Officials of the State, Justice and Interior Departments will confer on the question of admitting European refugees into the Virgin Islands for temporary stay pending remigration to the United States or other American countries it was learned today.
The Interior Department denied a published report that the islands had already been made a temporary haven for refugees by action of Governor Lawrence Cramer, but officials said an effort was being made to determine how such action could be taken legally, and added that if the legal means were found the haven for refugees would be established.
It is reported that Gov. Cramer has received a petition from the Virgin Islands’ Assembly urging the opening of the territory as a temporary station for European refugees. The petition was prompted by the territory’s difficult economic situation and the belief that entry of refugees would prove an economic asset, since they would not be able to work, but would spend money and would require housing and other facilities.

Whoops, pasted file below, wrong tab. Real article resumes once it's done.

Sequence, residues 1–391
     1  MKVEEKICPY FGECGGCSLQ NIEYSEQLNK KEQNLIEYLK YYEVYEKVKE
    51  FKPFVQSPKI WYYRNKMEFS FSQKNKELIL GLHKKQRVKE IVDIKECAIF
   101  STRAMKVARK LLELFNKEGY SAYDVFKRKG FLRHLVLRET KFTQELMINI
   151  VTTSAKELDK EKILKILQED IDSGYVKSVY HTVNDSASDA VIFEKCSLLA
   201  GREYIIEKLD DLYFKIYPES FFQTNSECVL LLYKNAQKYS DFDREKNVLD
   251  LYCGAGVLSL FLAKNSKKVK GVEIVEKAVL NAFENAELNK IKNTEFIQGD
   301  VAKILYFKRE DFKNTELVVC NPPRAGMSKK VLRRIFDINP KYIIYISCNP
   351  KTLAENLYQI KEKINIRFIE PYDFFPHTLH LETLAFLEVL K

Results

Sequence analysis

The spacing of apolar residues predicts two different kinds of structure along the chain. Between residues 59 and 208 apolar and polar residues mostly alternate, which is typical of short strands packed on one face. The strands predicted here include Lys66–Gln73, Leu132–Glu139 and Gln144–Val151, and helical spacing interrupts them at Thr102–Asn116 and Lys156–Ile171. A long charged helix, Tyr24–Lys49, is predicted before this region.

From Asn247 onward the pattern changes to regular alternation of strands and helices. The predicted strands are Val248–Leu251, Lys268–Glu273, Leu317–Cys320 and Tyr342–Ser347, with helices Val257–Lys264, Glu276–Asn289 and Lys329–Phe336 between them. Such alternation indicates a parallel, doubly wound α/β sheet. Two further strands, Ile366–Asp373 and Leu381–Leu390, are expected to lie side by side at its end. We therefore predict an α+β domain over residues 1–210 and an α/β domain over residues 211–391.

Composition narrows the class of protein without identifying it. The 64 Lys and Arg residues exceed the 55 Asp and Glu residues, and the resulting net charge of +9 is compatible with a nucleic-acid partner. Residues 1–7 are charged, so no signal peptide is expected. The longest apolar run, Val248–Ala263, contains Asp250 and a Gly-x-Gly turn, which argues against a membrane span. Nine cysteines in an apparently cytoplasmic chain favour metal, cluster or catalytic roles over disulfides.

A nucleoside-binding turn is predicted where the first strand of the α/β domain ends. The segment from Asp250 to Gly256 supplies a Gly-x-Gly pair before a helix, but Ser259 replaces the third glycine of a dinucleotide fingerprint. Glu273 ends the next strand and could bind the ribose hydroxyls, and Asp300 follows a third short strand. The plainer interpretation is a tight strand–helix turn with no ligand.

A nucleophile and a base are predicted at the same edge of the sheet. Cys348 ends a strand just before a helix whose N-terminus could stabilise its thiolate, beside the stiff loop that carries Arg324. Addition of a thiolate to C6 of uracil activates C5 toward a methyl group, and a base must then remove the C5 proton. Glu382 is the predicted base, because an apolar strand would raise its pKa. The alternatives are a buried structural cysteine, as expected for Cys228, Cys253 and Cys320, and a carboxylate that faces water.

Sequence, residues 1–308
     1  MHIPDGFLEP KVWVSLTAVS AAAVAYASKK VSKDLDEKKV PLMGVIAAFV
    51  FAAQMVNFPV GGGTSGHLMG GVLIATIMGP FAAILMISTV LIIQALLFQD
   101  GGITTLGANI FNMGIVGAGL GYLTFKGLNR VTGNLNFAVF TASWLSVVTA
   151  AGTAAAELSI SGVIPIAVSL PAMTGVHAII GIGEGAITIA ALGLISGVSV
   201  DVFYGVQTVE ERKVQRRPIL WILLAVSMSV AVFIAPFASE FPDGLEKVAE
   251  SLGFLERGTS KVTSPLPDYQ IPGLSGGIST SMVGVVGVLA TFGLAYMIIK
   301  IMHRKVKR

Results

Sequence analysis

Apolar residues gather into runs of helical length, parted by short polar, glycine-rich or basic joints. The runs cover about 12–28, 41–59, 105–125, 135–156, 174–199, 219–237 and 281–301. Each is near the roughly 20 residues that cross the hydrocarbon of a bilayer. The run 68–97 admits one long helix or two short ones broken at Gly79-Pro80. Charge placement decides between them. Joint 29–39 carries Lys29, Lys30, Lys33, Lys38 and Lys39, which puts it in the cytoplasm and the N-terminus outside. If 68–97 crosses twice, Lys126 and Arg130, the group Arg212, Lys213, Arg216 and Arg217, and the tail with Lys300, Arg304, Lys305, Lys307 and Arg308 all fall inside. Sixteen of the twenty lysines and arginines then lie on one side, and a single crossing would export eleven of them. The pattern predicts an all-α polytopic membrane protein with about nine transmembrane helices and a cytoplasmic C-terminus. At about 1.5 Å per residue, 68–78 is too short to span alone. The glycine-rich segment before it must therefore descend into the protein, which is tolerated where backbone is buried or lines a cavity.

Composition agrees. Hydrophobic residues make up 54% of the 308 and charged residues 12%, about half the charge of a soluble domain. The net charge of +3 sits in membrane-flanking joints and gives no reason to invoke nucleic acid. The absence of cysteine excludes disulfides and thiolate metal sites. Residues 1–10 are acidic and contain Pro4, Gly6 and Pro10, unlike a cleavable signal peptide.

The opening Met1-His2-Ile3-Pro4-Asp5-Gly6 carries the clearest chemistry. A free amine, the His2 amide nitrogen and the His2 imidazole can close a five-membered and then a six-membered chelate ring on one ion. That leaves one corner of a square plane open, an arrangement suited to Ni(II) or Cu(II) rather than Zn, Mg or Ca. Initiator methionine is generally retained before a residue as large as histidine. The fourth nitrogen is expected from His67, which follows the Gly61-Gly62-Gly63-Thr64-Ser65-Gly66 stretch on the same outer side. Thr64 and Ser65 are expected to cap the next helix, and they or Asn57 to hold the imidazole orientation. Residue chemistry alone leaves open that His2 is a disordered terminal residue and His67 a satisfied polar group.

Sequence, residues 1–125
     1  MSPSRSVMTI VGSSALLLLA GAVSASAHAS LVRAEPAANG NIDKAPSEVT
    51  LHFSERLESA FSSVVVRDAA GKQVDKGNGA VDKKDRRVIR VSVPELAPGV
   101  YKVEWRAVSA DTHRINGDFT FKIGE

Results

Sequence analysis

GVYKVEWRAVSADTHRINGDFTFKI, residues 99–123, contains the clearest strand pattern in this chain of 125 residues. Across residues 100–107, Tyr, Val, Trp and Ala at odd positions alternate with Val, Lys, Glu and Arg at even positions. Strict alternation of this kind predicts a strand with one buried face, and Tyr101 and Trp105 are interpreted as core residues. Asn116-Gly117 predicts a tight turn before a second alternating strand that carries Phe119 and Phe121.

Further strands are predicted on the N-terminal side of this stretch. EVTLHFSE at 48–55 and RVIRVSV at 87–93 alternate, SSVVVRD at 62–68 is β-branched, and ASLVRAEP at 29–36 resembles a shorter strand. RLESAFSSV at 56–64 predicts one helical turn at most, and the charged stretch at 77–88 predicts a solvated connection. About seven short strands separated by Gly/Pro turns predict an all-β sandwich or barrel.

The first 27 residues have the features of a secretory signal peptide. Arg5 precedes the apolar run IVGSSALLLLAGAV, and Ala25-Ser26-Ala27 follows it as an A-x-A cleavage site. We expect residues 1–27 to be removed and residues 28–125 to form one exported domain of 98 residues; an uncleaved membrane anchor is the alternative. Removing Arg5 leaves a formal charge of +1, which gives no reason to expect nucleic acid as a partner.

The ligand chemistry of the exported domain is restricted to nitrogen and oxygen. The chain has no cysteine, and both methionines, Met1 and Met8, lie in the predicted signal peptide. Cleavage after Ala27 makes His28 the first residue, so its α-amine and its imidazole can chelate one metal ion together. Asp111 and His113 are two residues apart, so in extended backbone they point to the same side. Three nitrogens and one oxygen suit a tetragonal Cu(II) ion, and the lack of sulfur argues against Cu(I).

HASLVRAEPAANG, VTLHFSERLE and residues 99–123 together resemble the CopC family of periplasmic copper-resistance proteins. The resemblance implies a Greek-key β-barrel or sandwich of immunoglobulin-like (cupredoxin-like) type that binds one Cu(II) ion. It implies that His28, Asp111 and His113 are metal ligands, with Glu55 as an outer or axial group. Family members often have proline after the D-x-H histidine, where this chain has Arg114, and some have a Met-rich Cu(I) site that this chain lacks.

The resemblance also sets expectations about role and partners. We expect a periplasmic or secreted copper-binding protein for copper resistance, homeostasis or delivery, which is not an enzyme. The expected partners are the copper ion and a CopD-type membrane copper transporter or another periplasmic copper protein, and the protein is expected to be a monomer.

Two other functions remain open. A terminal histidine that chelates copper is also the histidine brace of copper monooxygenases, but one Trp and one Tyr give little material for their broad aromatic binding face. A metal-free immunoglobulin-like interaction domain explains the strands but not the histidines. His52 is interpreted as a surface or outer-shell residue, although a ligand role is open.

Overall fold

It is understood maintenance of the refugees would have to be guaranteed by their relatives in the United States. They would have to meet all the requirements, on which the State, Justice and Interior Departments will agree. Preference for admission to the islands would be given to those who hold United States quota numbers and for whom immigration permits are due soon.
Jewish and non-Jewish welfare organizations in the United States interested in relieving congestion of refugees in Portugal and France will be invited to a conference soon to discuss plans for care of the refugees during their stay in the Virgin Islands, it was stated here today.
It is understood the refugees would be housed chiefly in St. Thomas, capital of the islands, and that each refugee admitted would have to prove that he had sufficient income to live without working. The number of refugees admitted would not exceed several hundred during an experimental period of several months.
The Archive of the Jewish Telegraphic Agency includes articles published from 1923 to 2008. Archive stories reflect the journalistic standards and practices of the time they were published.